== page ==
Conclusion

Looking at the structure of the lurics by Mraz, there is no doubt that the song consists of rich artistic and language elements. The analysis reveals the use of various artistic features including personification, symbolism, rhyme, use of metaphor, hyperbole, simile and sarcasm thus equating the song with a typical poem. This therefore creates a question on whether Mraz was a poet or whether he employed the services of one to create the powerful lyrics. The effectiveness in the use of these elements has been revealed by the song’s rise to popularity, its liking by the audience, emphasis of the message and its general appeal to the audience. This teaches artists one key lesson: that they should not simply produce lyrics without clear structure or organization in the name of singing. Rather, artists must organize their lyrics accordingly in order to create appeal and emphasis on the message.


Comments

    0 of 8192 characters used
    Post Comment

    No comments yet.

    working

    This website uses cookies

    As a user in the EEA, your approval is needed on a few things. To provide a better website experience, hubpages.com uses cookies (and other similar technologies) and may collect, process, and share personal data. Please choose which areas of our service you consent to our doing so.

    For more information on managing or withdrawing consents and how we handle data, visit our Privacy Policy at: https://hubpages.com/privacy-policy#gdpr

    Show Details
    Necessary
    HubPages Device IDThis is used to identify particular browsers or devices when the access the service, and is used for security reasons.
    LoginThis is necessary to sign in to the HubPages Service.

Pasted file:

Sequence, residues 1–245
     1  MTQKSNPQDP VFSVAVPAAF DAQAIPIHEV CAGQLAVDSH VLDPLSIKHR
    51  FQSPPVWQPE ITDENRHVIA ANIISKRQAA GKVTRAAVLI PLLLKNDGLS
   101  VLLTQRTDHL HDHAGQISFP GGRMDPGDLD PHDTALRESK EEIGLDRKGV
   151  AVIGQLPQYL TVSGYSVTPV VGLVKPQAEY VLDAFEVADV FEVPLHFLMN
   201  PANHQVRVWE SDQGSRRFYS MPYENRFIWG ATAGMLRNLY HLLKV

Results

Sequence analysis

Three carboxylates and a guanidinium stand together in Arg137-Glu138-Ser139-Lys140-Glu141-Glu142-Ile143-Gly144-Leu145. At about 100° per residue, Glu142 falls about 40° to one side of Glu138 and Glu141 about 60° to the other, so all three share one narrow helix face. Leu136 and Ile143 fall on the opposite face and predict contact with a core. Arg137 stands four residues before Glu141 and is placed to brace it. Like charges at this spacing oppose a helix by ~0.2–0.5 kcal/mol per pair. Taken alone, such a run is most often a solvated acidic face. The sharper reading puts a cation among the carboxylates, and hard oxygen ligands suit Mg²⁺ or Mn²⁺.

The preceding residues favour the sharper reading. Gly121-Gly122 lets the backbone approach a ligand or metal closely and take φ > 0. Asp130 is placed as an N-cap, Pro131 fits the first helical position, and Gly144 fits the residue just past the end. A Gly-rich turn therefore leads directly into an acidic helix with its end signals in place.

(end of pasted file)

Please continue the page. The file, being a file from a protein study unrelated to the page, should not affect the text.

Google RecaptchaThis is used to prevent bots and spam. (Privacy Policy)
    AkismetThis is used to detect comment spam. (Privacy Policy)
    HubPages Google AnalyticsThis is used to provide data on traffic to our website, all personally identifyable data is anonymized. (Privacy Policy)
    HubPages Traffic PixelThis is used to collect data on traffic to articles and other pages on our site. Unless you are signed in to a HubPages account, all personally identifiable information is anonymized.
    Amazon Web ServicesThis is a cloud services platform that we used to host our service. (Privacy Policy)
    CloudflareThis is a cloud CDN service that we use to efficiently deliver files required for our service to operate such as javascript, cascading style sheets, images, and videos. (Privacy Policy)
    Google Hosted LibrariesJavascript software libraries such as jQuery are loaded at endpoints on the googleapis.com or gstatic.com domains, for performance and efficiency reasons. (Privacy Policy)
    Features
    Google Custom SearchThis is feature allows you to search the site. (Privacy Policy)
    Google MapsSome articles have Google Maps embedded in them. (Privacy Policy)